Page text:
University of Birmingham > Talks@bham > Applied Mathematics Seminar Series > Towards improved metal detection using (generalised) magnetic polarizability tensors

Towards improved metal detection using (generalised) magnetic polarizability tensors

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If you have a question about this talk, please contact Fabian Spill.

Locating and identifying hidden conducting objects has a range of important applications including searching for buried treasure, identifying landmines and in the early detection of concealed terrorist threats. Traditional approaches to the metal detection problem involve determining the conductivity and permeability distributions in the eddy current approximation of Maxwell’s equations and lead to an ill-posed inverse problem. On the other hand, practical engineering solutions in hand held metal detectors use simple thresholding and are not able to discriminate between small objects close to the surface and larger objects buried deeper underground.

In this talk, an alternative approach in which prior information about the form of the conducting object has been introduced will be discussed. This allows the perturbed magnetic field, due to the presence of a conducting (permeable) object, to be described in the form of an asymptotic expansion as the object size tends to zero. The asymptotic expansion separates the object’s position from its shape and material description offering considerable advantages in case of isolated objects. Our previous result focused on the leading order term and described the object using a rank 2 magnetic polarizability tensor (MPT). The coefficients of the MPT can be computed by solving a vector valued transmission problem numerically using finite elements. Recently, we have extended this result by providing a new complete asymptotic expansion of the perturbed magnetic field as the object size goes to zero. In this expansion, the object is described in terms of a new class of generalised MPTs (GMPTs), which can also be computed by solving vector valued transmission problems. We believe that our new result will have important implications for metal detectors since it will improve small object discrimination and, for situations where the background field varies over the object, this information will useable, and indeed useful, in characterising objects.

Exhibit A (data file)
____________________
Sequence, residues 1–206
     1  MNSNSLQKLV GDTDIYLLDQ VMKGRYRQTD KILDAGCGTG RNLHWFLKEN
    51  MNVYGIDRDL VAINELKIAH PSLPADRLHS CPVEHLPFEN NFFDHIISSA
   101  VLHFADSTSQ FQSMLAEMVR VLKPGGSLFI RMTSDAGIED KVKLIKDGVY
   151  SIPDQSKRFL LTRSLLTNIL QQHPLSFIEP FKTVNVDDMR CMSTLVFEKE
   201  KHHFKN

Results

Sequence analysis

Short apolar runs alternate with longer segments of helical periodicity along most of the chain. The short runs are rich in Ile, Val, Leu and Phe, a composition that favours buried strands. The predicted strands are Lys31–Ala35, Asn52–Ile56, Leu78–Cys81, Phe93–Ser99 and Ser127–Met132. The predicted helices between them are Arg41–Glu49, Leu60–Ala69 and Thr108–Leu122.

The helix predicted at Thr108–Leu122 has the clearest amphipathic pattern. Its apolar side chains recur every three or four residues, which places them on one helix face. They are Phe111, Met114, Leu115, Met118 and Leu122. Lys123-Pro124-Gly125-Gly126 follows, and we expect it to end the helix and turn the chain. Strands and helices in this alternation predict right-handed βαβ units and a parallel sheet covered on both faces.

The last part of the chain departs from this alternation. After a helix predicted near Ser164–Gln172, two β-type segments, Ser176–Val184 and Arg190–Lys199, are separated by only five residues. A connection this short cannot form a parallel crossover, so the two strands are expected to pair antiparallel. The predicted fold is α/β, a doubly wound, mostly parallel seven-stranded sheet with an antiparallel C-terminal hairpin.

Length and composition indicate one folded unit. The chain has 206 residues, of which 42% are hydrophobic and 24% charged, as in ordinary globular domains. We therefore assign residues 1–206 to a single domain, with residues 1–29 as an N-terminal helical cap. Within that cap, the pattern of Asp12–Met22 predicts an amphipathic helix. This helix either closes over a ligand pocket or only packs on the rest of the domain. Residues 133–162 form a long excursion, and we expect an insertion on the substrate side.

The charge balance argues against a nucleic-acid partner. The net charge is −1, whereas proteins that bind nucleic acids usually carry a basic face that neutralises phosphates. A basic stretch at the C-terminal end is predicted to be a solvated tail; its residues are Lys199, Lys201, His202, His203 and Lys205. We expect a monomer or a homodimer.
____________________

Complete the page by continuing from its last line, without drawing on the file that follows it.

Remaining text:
The talk will explore the interesting properties exhibited by (G)MPT, which characterise conducting objects. It will describe how the eigenvalues of the MPTs for candidate target objects can form a dictionary for object classification in an off-line stage. Initial investigations using a machine-learning approach to object classification, using the aforementioned dictionary, will also be included.

This talk is part of the Applied Mathematics Seminar Series series.

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